Is there a target reading level for fiction? Does a novel with a reading grade level of 12 or higher have a chance at publication?
Yes, a novel written at a 12th grade level has a chance at publication!
But I have a qualifier. The content and story line must be aimed at adult readers. You’ll have better luck selling a literary novel at this reading level, than say, a suspense novel or a romance.
I tried to find some sources to back up my opinions, but Google was not my friend. I had a really hard time finding any recent legitimate statistics (backed up by research) on literacy, reading levels of adults, and the average reading levels of novels. Maybe I just didn’t know the right key words to get to it. There were a lot of guesses and some old research and arguments about how that old research is invalid… So if any readers know of a recent valid study, please let us know in the comments.
I asked a few colleagues, and our understanding is that in the publishing industry, most popular U.S. novels for adult readers are written at a 7th to 9th grade reading level. That doesn’t mean that there aren’t any popular novels published at a higher reading level or even at a much lower reading level. (Read this article on reading levels of various novels.)
I also found a forum comment that made the following assertions, which “feel” right to me. They attribute their statements to studies done by the healthcare industry, but I couldn’t find the original source.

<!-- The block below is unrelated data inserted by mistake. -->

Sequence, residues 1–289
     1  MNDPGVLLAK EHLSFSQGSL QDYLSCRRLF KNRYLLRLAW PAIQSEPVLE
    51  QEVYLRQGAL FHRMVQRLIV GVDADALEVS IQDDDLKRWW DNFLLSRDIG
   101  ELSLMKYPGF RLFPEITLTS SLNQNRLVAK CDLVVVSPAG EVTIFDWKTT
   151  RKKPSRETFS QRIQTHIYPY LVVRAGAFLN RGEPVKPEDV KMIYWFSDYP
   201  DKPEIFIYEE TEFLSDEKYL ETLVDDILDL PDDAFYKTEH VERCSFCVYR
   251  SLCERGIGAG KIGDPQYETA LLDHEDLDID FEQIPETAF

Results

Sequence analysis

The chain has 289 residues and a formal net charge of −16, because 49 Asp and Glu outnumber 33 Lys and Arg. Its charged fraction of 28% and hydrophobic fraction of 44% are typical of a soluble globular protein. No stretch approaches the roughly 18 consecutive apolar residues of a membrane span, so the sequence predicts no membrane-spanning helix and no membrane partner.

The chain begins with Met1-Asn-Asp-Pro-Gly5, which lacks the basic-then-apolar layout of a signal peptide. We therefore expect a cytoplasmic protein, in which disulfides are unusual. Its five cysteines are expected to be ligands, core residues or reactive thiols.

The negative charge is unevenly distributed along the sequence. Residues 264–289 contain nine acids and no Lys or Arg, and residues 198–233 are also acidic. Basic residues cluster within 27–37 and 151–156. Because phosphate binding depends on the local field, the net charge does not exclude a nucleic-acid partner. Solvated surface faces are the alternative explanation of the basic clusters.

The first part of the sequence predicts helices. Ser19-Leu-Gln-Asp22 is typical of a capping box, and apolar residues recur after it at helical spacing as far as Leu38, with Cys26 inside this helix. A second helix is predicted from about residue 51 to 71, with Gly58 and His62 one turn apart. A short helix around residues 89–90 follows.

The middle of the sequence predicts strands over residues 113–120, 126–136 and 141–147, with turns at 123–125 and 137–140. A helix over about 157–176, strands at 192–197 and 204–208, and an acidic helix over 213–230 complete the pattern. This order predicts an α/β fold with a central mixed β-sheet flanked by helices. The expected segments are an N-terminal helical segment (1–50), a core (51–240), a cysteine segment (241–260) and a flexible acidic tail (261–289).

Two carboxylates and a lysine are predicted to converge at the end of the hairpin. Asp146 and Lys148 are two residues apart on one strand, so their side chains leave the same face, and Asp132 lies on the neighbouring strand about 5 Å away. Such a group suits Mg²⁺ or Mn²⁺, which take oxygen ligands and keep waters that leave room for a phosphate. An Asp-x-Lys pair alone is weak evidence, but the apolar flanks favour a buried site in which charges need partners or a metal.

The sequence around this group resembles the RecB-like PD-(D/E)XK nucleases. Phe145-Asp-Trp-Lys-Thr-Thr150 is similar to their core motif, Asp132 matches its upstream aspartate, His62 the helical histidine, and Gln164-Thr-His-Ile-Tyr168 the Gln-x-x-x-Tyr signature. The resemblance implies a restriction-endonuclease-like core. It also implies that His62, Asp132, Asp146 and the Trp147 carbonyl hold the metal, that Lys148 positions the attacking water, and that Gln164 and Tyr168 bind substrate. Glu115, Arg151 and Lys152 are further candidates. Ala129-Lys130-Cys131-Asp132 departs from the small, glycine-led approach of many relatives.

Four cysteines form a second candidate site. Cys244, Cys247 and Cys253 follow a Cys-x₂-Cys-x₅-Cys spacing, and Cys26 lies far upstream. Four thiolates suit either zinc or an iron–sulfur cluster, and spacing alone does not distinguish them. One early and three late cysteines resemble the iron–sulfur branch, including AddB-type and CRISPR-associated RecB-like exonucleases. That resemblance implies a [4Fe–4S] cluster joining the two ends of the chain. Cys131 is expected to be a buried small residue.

1. No matter how educated people are, they actually read three to five grades lower than the last grade they finished. People who finished high school read at the level of 7th-9th graders. (LDSP: Uhm, so college graduates would read at or above the 12th grade level.)
2. When a prominent newspaper lowered the complexity of their articles from college level to 4th grade, the number of readers shot up by 98 percent. (LDSP: Not sure of the percentages, but I’ve heard that when some magazines did this, their subscription rates went up.)
3. The books of the most popular U.S. novelists (Stephen King, John Grisham, etc.) are written at a 7th-grade reading level.(LDSP: That’s my general assessment, as well.)
4. Most romance novels (which make up about half of all paperbacks sold in the U.S.) are written at a 5th-grade reading level. (LDSP: Not sure about this one, but I would suspect that the mass market paperback romances [*cough * harlequin-esque * cough] might fit this.)
I also found the ProLiteracy website which seems legit. They indicate that approximately 29% of US adults read below the 8th grade level, with 14% reading at a fifth grade level or below.
That leaves 70% of the adult US population that read at or above the 8th grade level. Right?
So, yes, I think a novel for adults (as opposed to children and teens) written at a 12th grade reading level or above has a chance. If that’s the level at which you’re comfortable writing, do it. If your agent or a publisher likes it but tells you to dumb it down, then you’ll have a decision to make.
2 thoughts on “Target Reading Level for Fiction”
Fascinating. And there are places online where we can pop in a bit of our writing, and it will tell us what grade level it’s at.
Thank you! This information shall help me classifiy older books a lot more effectively.
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